FIGS. 12A and 12B are plots of "Wholeness", "Exclusiveness", "P1Quality", and "P2Quality" computed from our segmentation result for T3.
 FIG. 12 shows plots of W, E, QP1, and QP2 computed from our segmentation result for T3. From these plots, we can identify that the TSS segmentation algorithm performs quite well for homogeneous objects such as a toothpaste tube, thick hard rubber sheet, and CDs; and moderately for bar soaps, candles, magazine, and Skip Bo. It is also clear that it is difficult to accurately segment objects composed of thin materials such as sneakers and heterogeneous objects such as a flat iron.
 Note that this quantitative performance analysis using W, E, QP1, and QP2 directly depends on the reference labels, for instance, those provided by ALERT. For example, the reference label for soap bars includes three soap bars and a paper container, and the reference label for Skip Bo includes three card stacks and a metallic container. If there were six independent reference labels for the three soap bars and the three card stacks, our segmentation result would have shown higher segmentation quality figures QP1, and QP2.
 FIGS. 13A to 13C show three 1-D PSFs estimated from CT data. (a) h(x). (b) k(y). (c) h(z).
 FIGS. 14A to 14C show 3-D PSF at z=7, z=8, and z=9, respectively.
 FIGS. 15A and 15B show result of deblurring using the 3-D PSF shown in FIG. 14. The display window is [0 1500]. 15A shows the original image, and 15B shows after deblurring.
(f) Discussion and Conclusion
 (i) Feature Extraction
 By assuming that 1000 MHU corresponds to 1 g/cc, object features such as mass, density, and volume can be obtained directly from CT values (unless pixels are corrupted by beam hardening, scatter, streaks, and partial volume effect). In extracting the object features, we should consider the partial volume effect. For bulk and medium thickness objects, better estimates of the densities can be calculated considering only voxels well within the boundary. However, for thin sheet objects, it is not possible to obtain accurate densities due to the partial volume effect affecting every voxel. However, it can be mitigated through deblurring by deconvolution.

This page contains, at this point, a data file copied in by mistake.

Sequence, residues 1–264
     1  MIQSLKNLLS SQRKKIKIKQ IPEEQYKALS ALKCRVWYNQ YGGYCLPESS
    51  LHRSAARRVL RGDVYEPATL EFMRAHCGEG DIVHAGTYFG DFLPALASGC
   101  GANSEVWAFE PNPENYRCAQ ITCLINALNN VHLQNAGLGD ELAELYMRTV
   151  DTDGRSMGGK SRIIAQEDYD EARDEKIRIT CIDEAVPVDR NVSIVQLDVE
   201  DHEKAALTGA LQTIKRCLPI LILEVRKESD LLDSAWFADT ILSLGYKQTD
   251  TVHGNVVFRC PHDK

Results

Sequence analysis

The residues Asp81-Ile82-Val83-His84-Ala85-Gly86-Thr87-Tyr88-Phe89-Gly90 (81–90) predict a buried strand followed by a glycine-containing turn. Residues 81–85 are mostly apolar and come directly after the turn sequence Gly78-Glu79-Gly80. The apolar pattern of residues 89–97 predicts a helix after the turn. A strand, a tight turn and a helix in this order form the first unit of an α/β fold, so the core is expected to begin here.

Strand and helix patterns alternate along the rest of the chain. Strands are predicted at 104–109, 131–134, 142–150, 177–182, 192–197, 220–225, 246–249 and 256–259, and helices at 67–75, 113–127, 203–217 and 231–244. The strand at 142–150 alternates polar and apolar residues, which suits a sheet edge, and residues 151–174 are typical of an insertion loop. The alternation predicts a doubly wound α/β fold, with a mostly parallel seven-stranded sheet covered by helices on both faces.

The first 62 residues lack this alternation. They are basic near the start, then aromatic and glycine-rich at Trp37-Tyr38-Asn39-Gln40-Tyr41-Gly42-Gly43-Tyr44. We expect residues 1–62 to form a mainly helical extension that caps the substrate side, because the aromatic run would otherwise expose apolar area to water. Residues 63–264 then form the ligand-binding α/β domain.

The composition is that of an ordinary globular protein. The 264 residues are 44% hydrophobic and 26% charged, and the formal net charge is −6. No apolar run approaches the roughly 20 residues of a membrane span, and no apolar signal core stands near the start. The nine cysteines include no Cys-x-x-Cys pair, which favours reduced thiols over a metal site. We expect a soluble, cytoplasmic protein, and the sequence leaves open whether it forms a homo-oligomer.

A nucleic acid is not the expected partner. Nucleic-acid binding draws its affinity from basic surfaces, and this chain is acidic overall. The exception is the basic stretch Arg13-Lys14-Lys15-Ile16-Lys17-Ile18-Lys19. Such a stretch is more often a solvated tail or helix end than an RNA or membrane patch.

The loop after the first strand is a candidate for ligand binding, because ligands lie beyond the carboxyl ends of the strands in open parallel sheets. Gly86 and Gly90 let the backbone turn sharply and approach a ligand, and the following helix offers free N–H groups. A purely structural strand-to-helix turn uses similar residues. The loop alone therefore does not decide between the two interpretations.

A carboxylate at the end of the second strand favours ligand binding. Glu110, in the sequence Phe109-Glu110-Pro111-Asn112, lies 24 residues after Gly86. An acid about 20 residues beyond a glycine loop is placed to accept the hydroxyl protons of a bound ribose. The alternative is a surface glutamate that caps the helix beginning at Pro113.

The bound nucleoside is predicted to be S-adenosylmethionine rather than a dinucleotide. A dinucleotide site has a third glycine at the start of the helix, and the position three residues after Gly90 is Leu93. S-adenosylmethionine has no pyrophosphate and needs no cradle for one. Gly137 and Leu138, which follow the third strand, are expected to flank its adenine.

We first estimate the three 1-D point spread functions (PSF) of length 17 pixels in the three axes from the CT image. FIG. 13 shows the estimated PSFs. Assuming that the 3-D PSF to be separable, we obtain a 17×17×17 3-D PSF from the estimated 1-D PSFs. FIG. 14 shows certain slices of the 3-D PSF. Using this 3-D PSF, we deblur CT data using Wiener filtering. FIG. 15 shows the result of deblurring for a thin neoprene sheet in T15. The density of a thin neoprene sheet estimated with the original CT images is 0.662, while the density estimated with deblurred images is 0.811. Since the neoprene sheet is considerably thin, a profile of MHU values of its blurred images along the surface normal will have a peaked shape. Based on this exercise, we estimate the density after applying maximum filtering to the deblurred image. In this case, the estimated density is 1.05. Considering that the physical density of neoprene sheets ranges between 1.2 and 1.7 , density of the segmented neoprene sheet is estimated more accurately by deblurring.
 FIG. 16 to FIG. 46 relate to write-up in the appendix.
 The above description of the disclosed implementations is provided to enable any person skilled in the art to make or use the invention. Various modifications to these implementations will be readily apparent to those skilled in the art, and the generic principles described herein can be applied to other implementations without departing from the spirit or scope of the invention. Accordingly, additional implementations and variations are also within the scope of the invention. Further, it is to be understood that the description and drawings presented herein are representative of the subject matter which is broadly contemplated by the present invention. It is further understood that the scope of the present invention fully encompasses other implementations that may become obvious to those skilled in the art and that the scope of the present invention is accordingly limited by nothing other than the appended claims.
Patent applications by Jongkyu Lee, Las Vegas, NV US
Patent applications by Junghyun Kwon, Las Vegas, NV US
Patent applications by Samuel M. Song, Las Vegas, NV US
Patent applications by TeleSecurity Sciences, Inc.
Patent applications in class Tomography (e.g., CAT scanner)
Patent applications in all subclasses Tomography (e.g., CAT scanner)